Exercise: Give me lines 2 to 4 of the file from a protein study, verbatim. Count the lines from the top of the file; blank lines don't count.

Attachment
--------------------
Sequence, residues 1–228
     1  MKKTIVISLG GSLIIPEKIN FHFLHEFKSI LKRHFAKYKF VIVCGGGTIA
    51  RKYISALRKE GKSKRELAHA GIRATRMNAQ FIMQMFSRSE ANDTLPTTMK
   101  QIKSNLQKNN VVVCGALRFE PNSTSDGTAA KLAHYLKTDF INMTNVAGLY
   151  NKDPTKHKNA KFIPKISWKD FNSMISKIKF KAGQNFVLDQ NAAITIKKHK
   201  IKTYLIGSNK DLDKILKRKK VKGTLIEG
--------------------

     1  MKKTIVISLG GSLIIPEKIN FHFLHEFKSI LKRHFAKYKF VIVCGGGTIA
    51  RKYISALRKE GKSKRELAHA GIRATRMNAQ FIMQMFSRSE ANDTLPTTMK
   101  QIKSNLQKNN VVVCGALRFE PNSTSDGTAA KLAHYLKTDF INMTNVAGLY